Nicholas Brown, left, George Dickson and Miranda Chambliss look over the poster that hangs on the wall at St. Joseph Catholic High School that displayed the difference in issues between President Barack Obama, Democrat, and Republican Mitt Romney on Friday. The students participated in a mock election that was part of a school project incorporating studies on the election into the curriculum. (Special to The Commercial/William Harvey)
The entire student body of St. Joseph Catholic School in Pine Bluff participated in a mock election Tuesday that was preceded in the days before by classroom discussions throughout all grades and subjects centered around the American election process and the issues facing the United States in the 2012 presidential campaign.
Civics teacher Vera Washington coordinated the effort and provided her fellow instructors with a copy of Debate, Decide, 2012: The U.S. Presidential Election Project, a book published by the International Debate Education Association.
“We first taught them the voter registration process and assigned them a precinct to cast their vote,” Washington said. “Each classroom had a computer that was used for the students to vote. The information was tabulated and each class discussed the results on Wednesday. Schools from throughout the United States particiapted so we were able to look at data from just our school as well as from around Arkansas and across the country.”
Ballot options included President and Vice President, U.S. House of Representatives, and choosing the top two of six national issues — including the economy, education, energy, the environment, health care and the national debt.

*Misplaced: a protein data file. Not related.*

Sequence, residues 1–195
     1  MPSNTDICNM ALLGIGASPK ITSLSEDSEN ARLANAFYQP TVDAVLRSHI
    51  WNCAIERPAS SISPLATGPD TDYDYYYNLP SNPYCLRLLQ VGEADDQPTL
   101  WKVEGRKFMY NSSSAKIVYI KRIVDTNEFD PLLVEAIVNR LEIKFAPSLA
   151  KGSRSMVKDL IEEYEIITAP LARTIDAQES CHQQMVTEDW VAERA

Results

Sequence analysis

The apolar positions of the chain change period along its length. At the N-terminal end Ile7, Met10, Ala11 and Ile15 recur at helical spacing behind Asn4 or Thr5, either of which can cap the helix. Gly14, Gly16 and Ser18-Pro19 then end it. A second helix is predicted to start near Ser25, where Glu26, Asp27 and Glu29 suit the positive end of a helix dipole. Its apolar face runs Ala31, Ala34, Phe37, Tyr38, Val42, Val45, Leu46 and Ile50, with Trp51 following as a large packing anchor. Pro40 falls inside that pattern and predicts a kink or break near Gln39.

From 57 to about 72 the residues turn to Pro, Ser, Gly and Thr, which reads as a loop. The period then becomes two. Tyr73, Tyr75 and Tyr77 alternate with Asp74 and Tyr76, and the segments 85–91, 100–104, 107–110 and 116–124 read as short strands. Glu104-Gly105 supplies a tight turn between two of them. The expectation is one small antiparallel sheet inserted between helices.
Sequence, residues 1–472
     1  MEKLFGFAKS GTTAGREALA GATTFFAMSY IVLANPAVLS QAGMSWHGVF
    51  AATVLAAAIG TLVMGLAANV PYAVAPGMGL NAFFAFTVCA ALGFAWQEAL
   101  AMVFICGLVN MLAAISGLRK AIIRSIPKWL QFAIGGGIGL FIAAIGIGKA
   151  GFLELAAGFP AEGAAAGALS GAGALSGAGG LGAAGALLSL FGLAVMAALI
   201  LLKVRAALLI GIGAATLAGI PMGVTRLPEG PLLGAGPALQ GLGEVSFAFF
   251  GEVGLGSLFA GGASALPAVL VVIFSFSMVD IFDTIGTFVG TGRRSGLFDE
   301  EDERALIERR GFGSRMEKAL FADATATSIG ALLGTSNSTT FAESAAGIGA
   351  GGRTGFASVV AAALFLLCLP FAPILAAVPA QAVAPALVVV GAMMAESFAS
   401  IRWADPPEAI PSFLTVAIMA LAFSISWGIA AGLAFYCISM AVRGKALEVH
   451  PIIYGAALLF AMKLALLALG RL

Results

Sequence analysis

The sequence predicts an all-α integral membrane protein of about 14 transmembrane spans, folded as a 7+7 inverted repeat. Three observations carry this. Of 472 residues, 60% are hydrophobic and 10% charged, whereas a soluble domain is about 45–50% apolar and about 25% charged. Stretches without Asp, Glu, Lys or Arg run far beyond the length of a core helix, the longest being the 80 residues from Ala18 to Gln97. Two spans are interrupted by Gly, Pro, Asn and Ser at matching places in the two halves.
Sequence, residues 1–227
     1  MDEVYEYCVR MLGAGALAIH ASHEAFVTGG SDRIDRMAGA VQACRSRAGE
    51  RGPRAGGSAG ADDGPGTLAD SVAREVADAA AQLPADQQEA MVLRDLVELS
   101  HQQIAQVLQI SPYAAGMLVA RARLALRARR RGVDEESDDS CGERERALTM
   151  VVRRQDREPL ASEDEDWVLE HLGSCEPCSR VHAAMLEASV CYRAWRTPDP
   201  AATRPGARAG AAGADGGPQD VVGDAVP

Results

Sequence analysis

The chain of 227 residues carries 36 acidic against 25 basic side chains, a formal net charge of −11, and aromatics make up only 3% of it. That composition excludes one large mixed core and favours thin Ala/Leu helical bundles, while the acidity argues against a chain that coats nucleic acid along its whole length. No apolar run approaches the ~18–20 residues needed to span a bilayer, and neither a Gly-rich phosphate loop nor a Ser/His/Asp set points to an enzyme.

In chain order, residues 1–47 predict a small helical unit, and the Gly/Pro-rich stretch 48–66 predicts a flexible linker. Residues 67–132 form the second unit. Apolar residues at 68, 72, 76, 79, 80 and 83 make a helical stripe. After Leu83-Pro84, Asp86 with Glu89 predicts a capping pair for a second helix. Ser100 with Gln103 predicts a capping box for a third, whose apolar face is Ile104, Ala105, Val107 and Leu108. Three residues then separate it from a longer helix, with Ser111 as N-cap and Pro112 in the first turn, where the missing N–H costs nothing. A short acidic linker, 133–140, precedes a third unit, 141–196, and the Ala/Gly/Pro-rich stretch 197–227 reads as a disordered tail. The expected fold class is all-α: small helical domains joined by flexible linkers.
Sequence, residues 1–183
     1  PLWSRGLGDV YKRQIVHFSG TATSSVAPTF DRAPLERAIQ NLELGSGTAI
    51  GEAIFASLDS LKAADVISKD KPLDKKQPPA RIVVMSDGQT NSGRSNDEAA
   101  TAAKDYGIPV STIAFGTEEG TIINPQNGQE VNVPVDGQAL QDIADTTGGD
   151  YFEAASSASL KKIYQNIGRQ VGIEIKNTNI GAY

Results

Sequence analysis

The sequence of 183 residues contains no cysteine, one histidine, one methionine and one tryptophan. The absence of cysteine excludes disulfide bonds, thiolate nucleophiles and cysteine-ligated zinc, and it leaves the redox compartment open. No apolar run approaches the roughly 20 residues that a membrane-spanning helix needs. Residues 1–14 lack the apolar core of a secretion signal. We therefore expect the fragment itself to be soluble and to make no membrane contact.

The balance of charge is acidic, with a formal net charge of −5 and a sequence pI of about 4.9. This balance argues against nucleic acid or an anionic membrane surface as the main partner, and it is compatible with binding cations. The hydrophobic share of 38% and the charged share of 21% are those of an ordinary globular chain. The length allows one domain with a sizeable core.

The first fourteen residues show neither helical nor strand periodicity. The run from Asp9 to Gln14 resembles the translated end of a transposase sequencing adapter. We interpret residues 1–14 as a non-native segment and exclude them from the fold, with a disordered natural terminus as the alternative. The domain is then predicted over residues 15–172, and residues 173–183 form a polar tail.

“Our students chose the economy first and education second,” she said.
Washington said that the students at St. Joseph re-elected President Barack Obama and that the national mock election was also won by Obama.
The National Student Mock Election was sponsored by the Pearson Foundation, according to material provided by Washington.
St. Joseph principal Alexandra Pritchett was glad that her students had the opportunity to learn about the election process in an innovative way.
“It was a great civics lesson,” Pritchett said. “The students took pride in what they were doing. The teachers came up with ways to tie the election in with the subjects that they teach. We have a statistics class where the students looked at how the various national opinion polls are tabulated. They analyzed national as well as statewide trends. Our science classes were able to talk about some of the topics that came up during the election including climate change.”
Senior Zoheb Yunus said that participating in the mock election and classroom discussions made him more aware of the issues.
“I thought it was good because it allowed us to get our opinions out there,” Yunus said. “I think it gave us a chance to look more into the election. It’s good to get into politics before you have to because if you keep up with the issues now you will know what is happening when you can vote. It definitely got me to look at more than I would have before.”
Yunus said that students in his journalism class were required to watch the three presidential debates and the single vice presidential debate as well as the election night results and then write articles based on the notes that they took.
Educator Clifford Heyer even found a way to fashion his English Literature classes into discussions of the American election process.
“My 12th graders are reading Shakespeare’s The Tempest and we discussed the monarchy in England at that time and how power was centralized in one person,” Heyer said. “We discussed the value of choices in our political system and how choices can be good and bad but still based on freedom.”
“The freshmen are reading a Flannery O’Connor short story, ‘Good County People’, that is set in the south in the early 1900s,” Heyer said. “We talked about how people formulate their belief systems and how that can be shaped by the environment.”
“The American Literature students are reading The Scarlet Letter and we used that to talk about the public shaming endured by Hester Prynne in the novel and what it means to have freedom of religion in the United States. We talked about whether the government in early America was more an oligarchy with just a few people making the decisions or a true democracy.”